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Penn State Football: Playbook New But Not Yet New England

by on April 21, 2012 6:21 PM

Don’t believe everything you saw in Penn State’s offense on Saturday.

Which may be a good thing indeed.

That’s because the Nittany Lions threw five interceptions, yielded eight sacks and averaged just 2.0 yards per rush – if you factor in the sacks.

“Fans saw about 10 percent” of Penn State's playbook, said head coach Bill O’Brien.

In other words, don’t take offense by the Penn State offense that was on display in Saturday’s Blue-White Game in Beaver Stadium. In the words of Gertrude Stein, there’s no there.

“We probably only have one-fourth of the playbook in,” said receivers and assistant head coach Stan Hixon.

Quarterback Rob Bolden, who threw three picks, said don’t grade his – and any other player’s – performance by the intrasquad scrimmage: “What we ran today was elementary.”

So simplified, in fact, that quarterback Matt McGloin said the Nittany Lions ran just four basic pass plays.

Fans may have expected more from the Nittany Lions, especially given O’Brien’s pedigree as the offensive coordinator and quarterbacks coach of the New England Patriots. But since the game was broadcast on the Big Ten Network, and Beaver Stadium was wide open for any visiting scouts, O’Brien was afraid of showing too much to any 2012 opponents.

So he dummied down the offense. Penn State, however, did display a number of offensive sets that looked like they were on loan from the Patriots.

Wide receivers were split in tight bunches of three. At times, five receivers were split wide. Fullback Michael Zordich played mainly on first down. Tight ends lined up in the backfield. Those tight ends ran a bunch of routes down the middle and drags to the side.

Often, though, the Penn State offense was a drag.

Hixon, for one, isn’t worried. His significant coaching roots include a stop at LSU, where the Tigers won a national title as Hixon’s star pupil, Michael Clayton, grabbed 21 TDs in a single season. Hixon also has coached wide receivers in the NFL, with Washington and, most recently, Buffalo. So his knowledge of an intricate offense, like the one O’Brien is installing, is more than a passing fancy.

“We have big-time formations, big-time concepts,” Hixon said. “We just tried to lay down the foundation this spring.”

The concepts include a much greater reliance than years past on audibles by the quarterback, enhanced route decision-making responsibility by the receiving corps and putting pass-catchers all over the field – and backfield.

A bakers’ dozen of players had at least one catch in the game, led by three receptions each by Allen Robinson and Shawney Kersey, understudies last season who will play key roles in 2012. Share and share alike is by design.

“We spread the ball around in this offense,” O’Brien said. “People ask me about the tight ends over and over again, because of the success we had the last two years in New England. Every year is different, every team is different.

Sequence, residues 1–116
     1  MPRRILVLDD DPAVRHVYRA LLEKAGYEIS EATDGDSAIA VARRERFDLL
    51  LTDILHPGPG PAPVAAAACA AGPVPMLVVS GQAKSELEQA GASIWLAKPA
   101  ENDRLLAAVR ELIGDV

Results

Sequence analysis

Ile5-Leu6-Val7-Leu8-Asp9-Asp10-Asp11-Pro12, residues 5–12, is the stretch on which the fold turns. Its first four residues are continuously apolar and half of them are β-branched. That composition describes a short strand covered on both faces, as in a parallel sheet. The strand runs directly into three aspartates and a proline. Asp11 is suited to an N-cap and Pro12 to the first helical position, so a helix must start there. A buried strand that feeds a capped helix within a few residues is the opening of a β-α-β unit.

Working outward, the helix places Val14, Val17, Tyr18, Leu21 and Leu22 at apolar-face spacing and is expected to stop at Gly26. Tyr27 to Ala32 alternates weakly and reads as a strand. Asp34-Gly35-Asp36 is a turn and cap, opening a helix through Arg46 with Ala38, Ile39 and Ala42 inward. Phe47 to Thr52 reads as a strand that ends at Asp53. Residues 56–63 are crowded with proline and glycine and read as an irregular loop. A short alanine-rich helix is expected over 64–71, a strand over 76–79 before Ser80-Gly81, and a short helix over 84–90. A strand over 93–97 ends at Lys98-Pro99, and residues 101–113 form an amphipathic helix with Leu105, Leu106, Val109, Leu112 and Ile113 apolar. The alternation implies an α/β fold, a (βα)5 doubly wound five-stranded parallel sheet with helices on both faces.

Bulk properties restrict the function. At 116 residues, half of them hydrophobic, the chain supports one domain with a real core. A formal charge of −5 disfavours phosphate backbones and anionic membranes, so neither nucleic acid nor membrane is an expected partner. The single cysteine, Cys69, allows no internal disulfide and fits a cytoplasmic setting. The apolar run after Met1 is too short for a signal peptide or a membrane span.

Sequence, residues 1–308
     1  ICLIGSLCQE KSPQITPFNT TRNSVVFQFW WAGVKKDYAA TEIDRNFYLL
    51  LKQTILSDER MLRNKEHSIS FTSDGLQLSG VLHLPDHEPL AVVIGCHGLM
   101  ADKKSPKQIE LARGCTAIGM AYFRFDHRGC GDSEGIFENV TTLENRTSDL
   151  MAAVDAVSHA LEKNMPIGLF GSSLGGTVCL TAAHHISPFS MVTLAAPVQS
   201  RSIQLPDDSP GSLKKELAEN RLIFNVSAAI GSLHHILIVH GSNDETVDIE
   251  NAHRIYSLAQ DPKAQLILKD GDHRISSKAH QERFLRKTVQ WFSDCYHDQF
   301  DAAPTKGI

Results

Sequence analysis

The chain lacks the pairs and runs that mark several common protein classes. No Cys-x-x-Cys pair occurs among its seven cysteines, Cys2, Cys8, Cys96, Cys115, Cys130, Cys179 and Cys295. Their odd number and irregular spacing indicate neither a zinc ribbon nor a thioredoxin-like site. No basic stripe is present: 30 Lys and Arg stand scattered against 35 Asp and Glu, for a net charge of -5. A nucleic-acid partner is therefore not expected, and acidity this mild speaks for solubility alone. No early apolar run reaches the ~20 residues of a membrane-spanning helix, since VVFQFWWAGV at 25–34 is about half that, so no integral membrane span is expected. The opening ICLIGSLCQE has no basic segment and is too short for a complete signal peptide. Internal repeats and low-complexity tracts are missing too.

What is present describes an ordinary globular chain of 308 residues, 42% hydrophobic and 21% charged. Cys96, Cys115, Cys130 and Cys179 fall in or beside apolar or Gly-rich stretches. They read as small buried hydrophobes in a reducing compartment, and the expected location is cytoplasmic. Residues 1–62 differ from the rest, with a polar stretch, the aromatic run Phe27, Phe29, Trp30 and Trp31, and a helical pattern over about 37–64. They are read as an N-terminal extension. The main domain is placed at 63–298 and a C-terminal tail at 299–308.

“But we’ll spread the ball to the tight ends, the receivers, the backs. Hopefully, it will be very balanced. The tight ends will be an important part of what we do and we will keep on developing them in training camp.”

No Penn State tight end this spring has developed faster than Jesse James.

James, who graduated from South Allegheny High School in December and matriculated at Penn State in January, has come up big as perhaps the primary tight end among a cast of thousands. James grabbed two passes for 24 yards on Saturday, and the 265-pounder was impressive when he stretched high on a crossing route to catch a nearly errant toss from Bolden.

The other Lions’ receiver to shine this spring was Robinson, who emerged as a strong No. 2 man, nicely complementing Justin Brown after a very strong set of spring drills. His three grabs Saturday went for 87 yards, including a long of 41.

“I went out every day and tried to compete every single practice,” said Robinson, a sophomore who played at Orchard Lake St. Mary’s in Michigan with Bolden, a junior.

“Robinson,” said Hixon, “had the best spring of all the wide receivers.”

O’Brien opened the game by calling for a pass from McGloin to Robinson on a deep route. The throw was long and incomplete, followed by a run by Silas Redd.

On third down, there was a hint of the new Penn State offense by way of New England. Split left in a tight bunch were Brown, tight end Kyle Carter and wide receiver Christian Kuntz. Split wide right was Robinson.

After a quick drop, McGloin threw the ball on the money to Kuntz over the middle for a 5-yard gain – the first pass reception of the Bill O’Brien Era.

McGloin couldn’t have been happier – about the pass, the catch and the whole darn shooting match.

“This system,” McGloin said, “is a phenomenal offense.”

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Mike Poorman has covered Penn State football since 1979. He is a senior lecturer in Penn State's College of Communications and teaches a pair of classes in the John Curley Center for Sports Journalism: “Sports Writing” and “Introduction to the Sports Industry.” He created and taught for several years the Center’s course on “Joe Paterno, Communications and The Media.” Follow him on Twitter at http://twitter.com/PSUPoorman. His views and opinions do not necessarily reflect those of Penn State University.
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